Once I even saw LOTR in 16:9, but to my pity, I didn't pay attention to image formats back then, so I didn't make a copy, but still, the fact is that the open matte 16:9 LOTR had special effects equally good on all its picture. Why else would they do it if not in order to show us?
believe me they DO frame the image for a certain aspect ratio even if the camera and effects go OVER the framing. it's done that way as a "safety" margin, and many times they adjust the framing and WHERE the framing is centered at during post process, that way they don't have edges that are un polished or if they decide to move over a big on the frame they don't have to redo that one area. framing is every bit an artform as the actual camera work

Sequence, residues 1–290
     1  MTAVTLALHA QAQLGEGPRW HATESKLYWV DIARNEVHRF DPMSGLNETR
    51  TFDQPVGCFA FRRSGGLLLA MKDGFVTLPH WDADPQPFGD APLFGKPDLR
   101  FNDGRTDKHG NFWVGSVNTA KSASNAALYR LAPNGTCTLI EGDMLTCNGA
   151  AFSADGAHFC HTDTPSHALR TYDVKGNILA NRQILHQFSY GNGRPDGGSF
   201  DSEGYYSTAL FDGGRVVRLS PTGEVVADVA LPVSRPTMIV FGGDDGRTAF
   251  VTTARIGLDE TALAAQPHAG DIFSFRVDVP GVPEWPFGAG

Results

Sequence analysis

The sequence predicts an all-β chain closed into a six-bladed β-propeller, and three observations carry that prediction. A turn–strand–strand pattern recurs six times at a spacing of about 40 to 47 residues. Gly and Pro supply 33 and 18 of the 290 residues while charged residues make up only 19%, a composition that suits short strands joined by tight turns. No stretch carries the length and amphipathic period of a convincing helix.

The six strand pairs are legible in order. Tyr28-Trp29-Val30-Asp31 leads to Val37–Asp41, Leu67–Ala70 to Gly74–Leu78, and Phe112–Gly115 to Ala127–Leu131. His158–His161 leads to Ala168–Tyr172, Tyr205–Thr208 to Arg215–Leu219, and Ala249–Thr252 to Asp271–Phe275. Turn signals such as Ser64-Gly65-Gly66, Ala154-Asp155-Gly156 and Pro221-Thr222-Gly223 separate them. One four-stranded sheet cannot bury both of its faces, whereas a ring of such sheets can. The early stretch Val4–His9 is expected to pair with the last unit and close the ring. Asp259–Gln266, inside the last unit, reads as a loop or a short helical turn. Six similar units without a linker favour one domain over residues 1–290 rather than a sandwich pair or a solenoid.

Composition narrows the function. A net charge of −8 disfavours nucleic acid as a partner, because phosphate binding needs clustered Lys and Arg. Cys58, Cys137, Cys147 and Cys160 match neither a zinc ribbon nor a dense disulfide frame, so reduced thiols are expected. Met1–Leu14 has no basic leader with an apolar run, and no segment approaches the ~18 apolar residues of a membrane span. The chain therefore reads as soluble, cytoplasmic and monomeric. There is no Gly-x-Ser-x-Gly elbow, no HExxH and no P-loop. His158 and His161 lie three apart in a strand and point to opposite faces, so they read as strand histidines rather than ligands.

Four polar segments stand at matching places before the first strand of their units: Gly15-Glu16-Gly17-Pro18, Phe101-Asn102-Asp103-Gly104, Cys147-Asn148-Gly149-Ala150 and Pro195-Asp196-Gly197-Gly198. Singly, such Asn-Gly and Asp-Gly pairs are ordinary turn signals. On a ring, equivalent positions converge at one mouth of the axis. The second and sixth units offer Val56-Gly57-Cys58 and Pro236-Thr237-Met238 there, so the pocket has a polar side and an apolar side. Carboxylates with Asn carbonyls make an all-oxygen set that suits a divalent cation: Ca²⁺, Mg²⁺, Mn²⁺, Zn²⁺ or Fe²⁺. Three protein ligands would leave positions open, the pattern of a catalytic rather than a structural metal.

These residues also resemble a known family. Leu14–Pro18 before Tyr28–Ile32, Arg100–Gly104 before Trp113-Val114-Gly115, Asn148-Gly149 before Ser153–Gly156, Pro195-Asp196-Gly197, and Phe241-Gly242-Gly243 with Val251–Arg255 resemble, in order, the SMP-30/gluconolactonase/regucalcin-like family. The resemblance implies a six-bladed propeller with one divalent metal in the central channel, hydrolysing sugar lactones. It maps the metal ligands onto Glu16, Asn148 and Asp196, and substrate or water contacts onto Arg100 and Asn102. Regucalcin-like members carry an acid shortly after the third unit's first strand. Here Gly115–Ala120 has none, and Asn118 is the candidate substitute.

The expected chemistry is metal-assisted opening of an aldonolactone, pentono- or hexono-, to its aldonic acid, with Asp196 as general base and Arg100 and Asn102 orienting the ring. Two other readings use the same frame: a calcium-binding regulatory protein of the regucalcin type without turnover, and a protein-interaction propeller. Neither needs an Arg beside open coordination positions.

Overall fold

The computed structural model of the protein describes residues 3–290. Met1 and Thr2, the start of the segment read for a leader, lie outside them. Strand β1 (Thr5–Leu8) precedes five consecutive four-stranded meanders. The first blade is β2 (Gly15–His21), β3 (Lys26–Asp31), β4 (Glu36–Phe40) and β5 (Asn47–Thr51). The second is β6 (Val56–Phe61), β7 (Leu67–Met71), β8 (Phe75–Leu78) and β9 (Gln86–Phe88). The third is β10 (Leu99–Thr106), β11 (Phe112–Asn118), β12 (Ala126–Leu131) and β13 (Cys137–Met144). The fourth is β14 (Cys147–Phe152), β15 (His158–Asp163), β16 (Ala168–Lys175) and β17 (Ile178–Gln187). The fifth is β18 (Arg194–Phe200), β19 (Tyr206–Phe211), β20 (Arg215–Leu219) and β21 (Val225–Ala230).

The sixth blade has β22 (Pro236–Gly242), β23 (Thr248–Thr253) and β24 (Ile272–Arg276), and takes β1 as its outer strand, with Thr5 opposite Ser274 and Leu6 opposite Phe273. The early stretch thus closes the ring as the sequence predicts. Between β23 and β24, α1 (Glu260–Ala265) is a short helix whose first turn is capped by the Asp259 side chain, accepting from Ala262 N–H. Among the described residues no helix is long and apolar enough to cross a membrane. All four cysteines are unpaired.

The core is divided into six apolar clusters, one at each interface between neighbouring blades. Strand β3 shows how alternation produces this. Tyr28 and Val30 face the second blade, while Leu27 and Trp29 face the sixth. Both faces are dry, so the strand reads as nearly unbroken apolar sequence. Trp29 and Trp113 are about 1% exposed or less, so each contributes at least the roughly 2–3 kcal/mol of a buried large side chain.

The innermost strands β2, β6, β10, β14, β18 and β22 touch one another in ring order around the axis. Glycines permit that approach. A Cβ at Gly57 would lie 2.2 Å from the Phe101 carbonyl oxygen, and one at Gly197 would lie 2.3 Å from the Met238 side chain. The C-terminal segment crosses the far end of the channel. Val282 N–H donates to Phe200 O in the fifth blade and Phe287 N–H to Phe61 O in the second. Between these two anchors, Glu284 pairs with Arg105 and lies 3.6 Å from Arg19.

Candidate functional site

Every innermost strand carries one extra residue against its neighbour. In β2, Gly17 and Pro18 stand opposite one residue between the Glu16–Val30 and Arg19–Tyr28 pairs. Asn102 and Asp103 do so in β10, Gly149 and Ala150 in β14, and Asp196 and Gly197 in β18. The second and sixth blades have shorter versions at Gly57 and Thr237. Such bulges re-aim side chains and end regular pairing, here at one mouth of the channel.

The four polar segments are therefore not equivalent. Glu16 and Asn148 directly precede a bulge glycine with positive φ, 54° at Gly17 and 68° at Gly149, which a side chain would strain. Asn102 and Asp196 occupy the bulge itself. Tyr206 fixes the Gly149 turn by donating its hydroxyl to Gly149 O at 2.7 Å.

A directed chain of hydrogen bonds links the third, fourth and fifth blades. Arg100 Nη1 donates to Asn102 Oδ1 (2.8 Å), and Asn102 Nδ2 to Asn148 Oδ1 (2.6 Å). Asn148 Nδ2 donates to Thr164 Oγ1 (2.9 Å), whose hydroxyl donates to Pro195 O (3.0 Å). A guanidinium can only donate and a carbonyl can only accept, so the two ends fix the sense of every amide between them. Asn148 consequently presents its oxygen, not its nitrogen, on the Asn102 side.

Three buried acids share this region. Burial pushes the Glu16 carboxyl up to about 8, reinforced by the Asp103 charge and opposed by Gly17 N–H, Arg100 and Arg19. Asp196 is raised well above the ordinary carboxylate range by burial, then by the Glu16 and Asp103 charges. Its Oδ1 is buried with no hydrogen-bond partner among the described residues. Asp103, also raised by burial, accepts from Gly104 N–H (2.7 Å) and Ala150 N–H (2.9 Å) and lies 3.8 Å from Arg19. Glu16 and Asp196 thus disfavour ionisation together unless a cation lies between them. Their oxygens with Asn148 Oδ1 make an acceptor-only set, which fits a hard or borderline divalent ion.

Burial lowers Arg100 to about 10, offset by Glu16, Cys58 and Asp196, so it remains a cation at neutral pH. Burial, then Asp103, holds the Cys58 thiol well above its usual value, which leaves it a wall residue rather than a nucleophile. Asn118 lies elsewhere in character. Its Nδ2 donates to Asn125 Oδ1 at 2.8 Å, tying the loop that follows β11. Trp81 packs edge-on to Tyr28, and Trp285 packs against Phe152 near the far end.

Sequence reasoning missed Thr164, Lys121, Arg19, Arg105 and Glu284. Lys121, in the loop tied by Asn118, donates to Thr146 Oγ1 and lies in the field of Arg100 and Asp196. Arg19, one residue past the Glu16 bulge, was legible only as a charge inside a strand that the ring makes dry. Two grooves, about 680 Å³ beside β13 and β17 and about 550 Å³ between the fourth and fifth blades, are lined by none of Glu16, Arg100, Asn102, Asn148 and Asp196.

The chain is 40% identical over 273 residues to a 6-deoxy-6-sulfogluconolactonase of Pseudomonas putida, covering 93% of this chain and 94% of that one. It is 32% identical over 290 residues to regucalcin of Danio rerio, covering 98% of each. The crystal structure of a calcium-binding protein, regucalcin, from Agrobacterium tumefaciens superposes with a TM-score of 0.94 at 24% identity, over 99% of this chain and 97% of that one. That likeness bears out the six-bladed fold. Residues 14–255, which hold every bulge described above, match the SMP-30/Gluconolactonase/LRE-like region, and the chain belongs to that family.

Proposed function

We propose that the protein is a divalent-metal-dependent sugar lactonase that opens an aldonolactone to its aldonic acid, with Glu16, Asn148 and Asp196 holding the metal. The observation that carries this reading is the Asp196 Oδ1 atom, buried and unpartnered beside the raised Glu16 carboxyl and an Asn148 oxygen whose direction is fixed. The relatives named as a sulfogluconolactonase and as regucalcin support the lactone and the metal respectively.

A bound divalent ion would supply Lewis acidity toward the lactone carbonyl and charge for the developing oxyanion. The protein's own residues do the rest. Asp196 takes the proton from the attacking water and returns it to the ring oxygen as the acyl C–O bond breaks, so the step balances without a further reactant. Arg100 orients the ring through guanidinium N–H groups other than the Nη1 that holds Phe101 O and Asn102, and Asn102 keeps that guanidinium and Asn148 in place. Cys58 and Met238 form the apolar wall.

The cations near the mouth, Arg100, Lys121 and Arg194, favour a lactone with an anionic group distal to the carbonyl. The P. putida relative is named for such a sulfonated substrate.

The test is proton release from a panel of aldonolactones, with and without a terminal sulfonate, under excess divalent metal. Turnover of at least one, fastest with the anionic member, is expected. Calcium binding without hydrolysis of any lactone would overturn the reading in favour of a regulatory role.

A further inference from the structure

Old 11-23-2012, 08:09 AM   #486
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Deciazulado, are you trying to teach me something about professional moviemaking after I actually wrote several articles about that stuff http://www.kinomusic.vadiarotor.tv/about_cinema.htm and I actually deal with it since I am a moviemaker? http://www.kinomusic.vadiarotor.tv/16-9.htm
well, thanks! that's so nice of you

Quote:
Originally Posted by Deciazulado View Post
Everything that you see on an movie theater has ALWAYS extra image in the negative/camera image exposed that you shouldn't/wouldn't see. Everything
I'm sorry to disappoint you but you probably haven't heard anything about anamorphic 35mm movie formats like Panavision, or 2-perf 35mm movies, and you're unaware that if a film was made in these formats, the whole picture with no extra image is shown in cinema. Actually, most of cinema wide screens were made in the 2.35:1 format to expose the full 35mm anamorphic picture.